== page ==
Microsoft has released Popfly, a free set of tools for creating Web pages, gadgets and mashups and a community for sharing those applications. A recent partnership with Facebook means Popfly could be in the hands of millions of users.
Popfly is aimed primarily at non-professional developers and draws heavily upon the recently released Silverlight 1.0 Beta.
Popfly Space, the community, gives users a place to host their projects. Users also have the ability to embed projects on blogging services like TypePad and Windows Live Spaces.
In addition, Microsoft has released Popfly Explorer Alpha for Visual Studio, which lets developers create and share Visual Studio 2005 projects in Popfly Space.
Use of Popfly requires Internet Explorer 6.0 and up or Firefox 2.0 and Silverlight 1.0 Beta. The storage limit for projects is 25 MB.
Popfly has been released as a private alpha. According to the Popfly FAQ page, Microsoft is using limited alpha tests so it can receive specific feedback from users while it tinkers with the user experience. Right now the test is being limited to 2,000 users.
To get Popfly, users must receive an invitation or sign into the Popfly site with a Windows Live ID and request an invitation. Additional quirks of the alpha release are detailed on the Popfly Alpha release notes page.
A final release date for Popfly has not been announced.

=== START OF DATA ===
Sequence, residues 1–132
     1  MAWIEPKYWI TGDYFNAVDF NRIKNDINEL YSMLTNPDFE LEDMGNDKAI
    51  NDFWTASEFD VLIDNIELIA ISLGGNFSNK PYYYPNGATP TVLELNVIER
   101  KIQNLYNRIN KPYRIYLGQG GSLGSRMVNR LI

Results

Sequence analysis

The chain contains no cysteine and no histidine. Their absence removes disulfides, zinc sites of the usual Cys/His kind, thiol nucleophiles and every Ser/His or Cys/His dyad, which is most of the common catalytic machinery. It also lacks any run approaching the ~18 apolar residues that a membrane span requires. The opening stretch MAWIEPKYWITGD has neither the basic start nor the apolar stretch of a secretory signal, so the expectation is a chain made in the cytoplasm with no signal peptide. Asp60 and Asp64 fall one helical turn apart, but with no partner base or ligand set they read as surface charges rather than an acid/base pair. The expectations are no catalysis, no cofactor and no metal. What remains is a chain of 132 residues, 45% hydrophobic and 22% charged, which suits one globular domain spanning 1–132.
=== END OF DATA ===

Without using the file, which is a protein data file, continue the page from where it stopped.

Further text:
Popfly represents the latest move in Microsoft's endeavor to reach out to non-professional developers. Earlier this year Microsoft unveiled the Beginner Developer Learning Center, and in 2005 it released five free VS 2005 editions known as Visual Studio 2005 Express.
UPDATED June 1: The Popfly announcement had many bloggers and journalists making overt references to social networking applications. This was, it seems, part of the plan all along, for Microsoft has partnered with Facebook to let users of the latter customize their Facebook profiles by using Popfly.
Both Soma Somasegar, corporate vice president of Microsoft's development unit, and Dan Fernandez, lead product manager for Visual Studio Express, have commented on the Facebook and Microsoft partnership in their blogs.
"Facebook users will have tools that let them create pages that reflect their personality even if they have no development experience," Somasegar writes.
Fernandez, meanwhile, opines, "Perhaps I'm biased, but this is the biggest developer partnership from Microsoft I can think of."
Microsoft has also released a Facebook Developer Toolkit for Visual Studio developers. This offers controls and samples for developing ASP.NET and Windows Presentation Foundation applications using the Facebook platform.